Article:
Michael was never antichurch. Maybe because he was my teacher and minister for 3 years, I have a more full version of what he was trying to say. The reason he didn’t offer an alternative was because he wasn’t trying to call anyone out of the church. He was only saying if your church community isn’t helping your relationship with Christ thrive then find a new one or find a small community of believers and begin a new community in Christ. As for only chucking rocks, even as a small child I wondered why no one in the American churches I attended seemed to know or respect Christ as I felt the Bible clearly represented him. Michael changed all that. He showed me and thousands of others students that people can actually live like Christ. Michael loved the church and his hope was it would stop trying to harvest souls and start trying to nurture them.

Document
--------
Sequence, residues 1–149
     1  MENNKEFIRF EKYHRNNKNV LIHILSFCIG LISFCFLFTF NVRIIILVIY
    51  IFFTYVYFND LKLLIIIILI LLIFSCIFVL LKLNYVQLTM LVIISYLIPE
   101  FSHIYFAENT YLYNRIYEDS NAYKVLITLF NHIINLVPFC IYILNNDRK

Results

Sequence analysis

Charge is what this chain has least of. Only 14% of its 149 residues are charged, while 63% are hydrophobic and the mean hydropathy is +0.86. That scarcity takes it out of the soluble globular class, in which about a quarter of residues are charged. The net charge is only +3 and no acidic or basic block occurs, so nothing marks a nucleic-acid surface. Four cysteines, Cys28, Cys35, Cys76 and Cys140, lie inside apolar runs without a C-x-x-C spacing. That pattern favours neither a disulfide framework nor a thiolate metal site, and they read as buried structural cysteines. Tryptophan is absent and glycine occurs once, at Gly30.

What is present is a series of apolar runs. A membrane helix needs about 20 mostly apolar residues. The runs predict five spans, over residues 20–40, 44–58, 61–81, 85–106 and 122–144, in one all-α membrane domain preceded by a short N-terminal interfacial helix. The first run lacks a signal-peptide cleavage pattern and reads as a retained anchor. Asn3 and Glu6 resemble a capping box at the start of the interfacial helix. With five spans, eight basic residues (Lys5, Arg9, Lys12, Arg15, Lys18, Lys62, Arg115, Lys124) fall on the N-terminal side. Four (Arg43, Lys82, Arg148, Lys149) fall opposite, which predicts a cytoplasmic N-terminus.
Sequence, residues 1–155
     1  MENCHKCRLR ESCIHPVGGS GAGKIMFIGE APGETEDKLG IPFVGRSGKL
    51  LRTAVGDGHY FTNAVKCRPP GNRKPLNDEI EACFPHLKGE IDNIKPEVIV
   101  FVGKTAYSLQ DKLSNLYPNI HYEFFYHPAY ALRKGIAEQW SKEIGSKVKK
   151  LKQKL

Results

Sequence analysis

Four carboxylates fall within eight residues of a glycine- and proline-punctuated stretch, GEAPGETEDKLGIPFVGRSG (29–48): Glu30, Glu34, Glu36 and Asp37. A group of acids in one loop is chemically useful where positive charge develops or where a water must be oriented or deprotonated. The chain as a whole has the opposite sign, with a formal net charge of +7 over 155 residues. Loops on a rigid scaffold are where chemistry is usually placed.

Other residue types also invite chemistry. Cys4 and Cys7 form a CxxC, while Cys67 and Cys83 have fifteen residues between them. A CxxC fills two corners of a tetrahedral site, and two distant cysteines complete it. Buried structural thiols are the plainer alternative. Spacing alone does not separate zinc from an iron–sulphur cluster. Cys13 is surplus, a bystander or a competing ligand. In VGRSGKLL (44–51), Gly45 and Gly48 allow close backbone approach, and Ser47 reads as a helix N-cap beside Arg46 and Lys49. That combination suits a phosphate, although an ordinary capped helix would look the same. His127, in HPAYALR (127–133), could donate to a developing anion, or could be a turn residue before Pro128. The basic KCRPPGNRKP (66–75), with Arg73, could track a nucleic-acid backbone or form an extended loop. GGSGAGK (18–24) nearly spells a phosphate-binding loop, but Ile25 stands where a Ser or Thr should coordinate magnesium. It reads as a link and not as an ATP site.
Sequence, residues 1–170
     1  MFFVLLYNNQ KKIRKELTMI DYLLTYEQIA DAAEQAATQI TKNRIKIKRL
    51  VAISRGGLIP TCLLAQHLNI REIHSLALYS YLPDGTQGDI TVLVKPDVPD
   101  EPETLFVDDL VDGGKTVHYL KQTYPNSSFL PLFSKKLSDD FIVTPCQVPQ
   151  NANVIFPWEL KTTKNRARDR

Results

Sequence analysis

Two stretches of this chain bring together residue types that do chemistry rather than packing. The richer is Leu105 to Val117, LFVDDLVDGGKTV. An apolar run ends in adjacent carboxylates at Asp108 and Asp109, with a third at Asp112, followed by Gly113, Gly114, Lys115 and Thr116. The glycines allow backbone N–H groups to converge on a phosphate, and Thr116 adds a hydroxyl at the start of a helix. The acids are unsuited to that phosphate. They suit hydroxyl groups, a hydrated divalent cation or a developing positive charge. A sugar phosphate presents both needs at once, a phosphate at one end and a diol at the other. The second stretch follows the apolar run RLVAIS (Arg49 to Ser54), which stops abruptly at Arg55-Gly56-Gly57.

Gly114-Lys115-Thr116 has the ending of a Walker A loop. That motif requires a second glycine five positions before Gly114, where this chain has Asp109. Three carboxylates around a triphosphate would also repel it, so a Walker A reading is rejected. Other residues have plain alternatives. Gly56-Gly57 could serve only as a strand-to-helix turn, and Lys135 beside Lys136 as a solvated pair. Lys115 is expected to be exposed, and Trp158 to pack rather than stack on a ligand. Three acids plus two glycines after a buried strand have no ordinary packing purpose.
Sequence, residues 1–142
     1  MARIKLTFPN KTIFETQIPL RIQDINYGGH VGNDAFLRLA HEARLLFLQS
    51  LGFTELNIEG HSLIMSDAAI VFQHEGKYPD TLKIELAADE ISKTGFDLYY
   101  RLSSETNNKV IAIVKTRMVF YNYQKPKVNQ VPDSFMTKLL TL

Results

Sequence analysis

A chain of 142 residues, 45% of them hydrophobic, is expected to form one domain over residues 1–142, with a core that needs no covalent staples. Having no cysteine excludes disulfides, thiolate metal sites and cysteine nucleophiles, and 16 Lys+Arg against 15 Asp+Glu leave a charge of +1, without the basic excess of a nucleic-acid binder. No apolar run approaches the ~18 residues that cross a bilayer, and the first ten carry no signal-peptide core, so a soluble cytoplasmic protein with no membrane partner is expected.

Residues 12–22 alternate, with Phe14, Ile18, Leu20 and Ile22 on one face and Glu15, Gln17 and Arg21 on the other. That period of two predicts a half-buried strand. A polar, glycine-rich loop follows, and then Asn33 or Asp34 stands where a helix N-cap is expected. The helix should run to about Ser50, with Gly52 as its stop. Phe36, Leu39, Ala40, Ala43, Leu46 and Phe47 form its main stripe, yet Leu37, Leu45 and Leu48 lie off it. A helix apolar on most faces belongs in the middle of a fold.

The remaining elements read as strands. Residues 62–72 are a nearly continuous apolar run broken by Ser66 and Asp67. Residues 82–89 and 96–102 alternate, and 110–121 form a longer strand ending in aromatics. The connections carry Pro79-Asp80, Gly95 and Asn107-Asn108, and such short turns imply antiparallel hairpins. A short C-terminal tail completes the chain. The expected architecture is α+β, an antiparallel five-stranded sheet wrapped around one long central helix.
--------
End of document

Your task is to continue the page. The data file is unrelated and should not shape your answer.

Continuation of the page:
1. Thanks for commenting, Taylor. I appreciate the clarification from your perspective as one of his students.

  2. I’ve had this book sitting on my shelf for several months but have yet to read it…I really want to. This is the first non-positive review I’ve heard or read about it. Has peaked my curiosity even more. Thanks Aaron.

    1. Chris, when you’ve had a chance to read it, let me know your thoughts – I’d love to get your take.

      1. Will do sir.

  3. You summarized a lot of my feelings on the book. I was really frustrated reading it. Most books which frustrate me that much I just put down, but he had just enough which drew me back in.